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    • Brief

    United States v. Muhtorov

    Brief for Amicus Curiae National Association of Criminal Defense Lawyers in Support of Appellant and Urging Reversal.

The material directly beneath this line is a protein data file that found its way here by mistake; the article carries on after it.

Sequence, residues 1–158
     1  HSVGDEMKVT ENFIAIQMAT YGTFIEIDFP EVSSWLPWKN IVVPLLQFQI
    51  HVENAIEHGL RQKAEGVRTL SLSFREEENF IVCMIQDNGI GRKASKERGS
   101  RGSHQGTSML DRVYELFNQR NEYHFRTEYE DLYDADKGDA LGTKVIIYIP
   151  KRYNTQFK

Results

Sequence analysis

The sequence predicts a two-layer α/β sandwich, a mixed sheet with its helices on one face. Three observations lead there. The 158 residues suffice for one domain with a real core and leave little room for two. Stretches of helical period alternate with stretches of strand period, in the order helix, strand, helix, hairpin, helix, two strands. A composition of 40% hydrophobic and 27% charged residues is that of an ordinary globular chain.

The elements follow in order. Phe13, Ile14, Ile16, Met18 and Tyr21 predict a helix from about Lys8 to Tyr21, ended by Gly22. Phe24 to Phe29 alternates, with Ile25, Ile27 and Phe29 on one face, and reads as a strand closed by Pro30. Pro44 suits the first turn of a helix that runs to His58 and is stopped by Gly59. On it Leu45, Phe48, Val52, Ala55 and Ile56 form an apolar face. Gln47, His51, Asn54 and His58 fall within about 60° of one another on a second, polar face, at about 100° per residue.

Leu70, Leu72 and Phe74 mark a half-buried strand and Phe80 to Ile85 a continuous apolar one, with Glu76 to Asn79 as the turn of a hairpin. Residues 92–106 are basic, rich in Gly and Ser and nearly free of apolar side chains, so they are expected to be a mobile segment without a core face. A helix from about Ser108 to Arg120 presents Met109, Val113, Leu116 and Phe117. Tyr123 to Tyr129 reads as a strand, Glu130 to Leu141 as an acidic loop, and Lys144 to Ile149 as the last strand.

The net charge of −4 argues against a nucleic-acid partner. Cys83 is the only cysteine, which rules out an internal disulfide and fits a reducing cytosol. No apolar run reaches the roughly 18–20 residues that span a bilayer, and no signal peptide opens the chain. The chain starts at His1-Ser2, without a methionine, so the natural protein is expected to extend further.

Argument: Without disclosure of the underlying FISA materials, it is impossible to argue under Franks v. Delaware, 438 U.S. 154(1978), that the application contains material misstatements or omissions, and courts have no means of conducting the investigation necessary to make that determination themselves. Without disclosure, defendants cannot argue concretely that the government did not properly minimize the fruits of the surveillance, or that the government did not satisfy the requirement that it exhaust other, less intrusive investigative techniques before turning to FISA. Nor can defendants counter government arguments (typically presented ex parte under § 4 of the Classified Information Procedures Act (CIPA), 18 U.S.C. App. 3 § 4) that the fruits of particular surveillance techniques are too attenuated from the trial evidence to require disclosure. And without notice of particular surveillance techniques that the government used, a defendant cannot argue that, under the circumstances of the case, those techniques violate the Fourth Amendment or another constitutional or statutory protection. As appellant argues, Congress never intended FISA litigation to occur entirely ex parte. Courts have misinterpreted 50 U.S.C. § 1806(f), the statute's disclosure provision. And as we discuss below, the Fifth Amendment Due Process Clause for bids such a secret, one-sided process, under which defendants are routinely denied the information necessary to challenge the lawfulness of government surveillance. No other aspect of criminal law functions entirely in secret; search warrants and Title III wiretap orders are issued ex parte, but after indictment a defendant gets access to the warrant or order and supporting application and a full and fair opportunity to challenge both. It is past time for FISA litigation to meet the standard of fairness that is the hallmark of American law.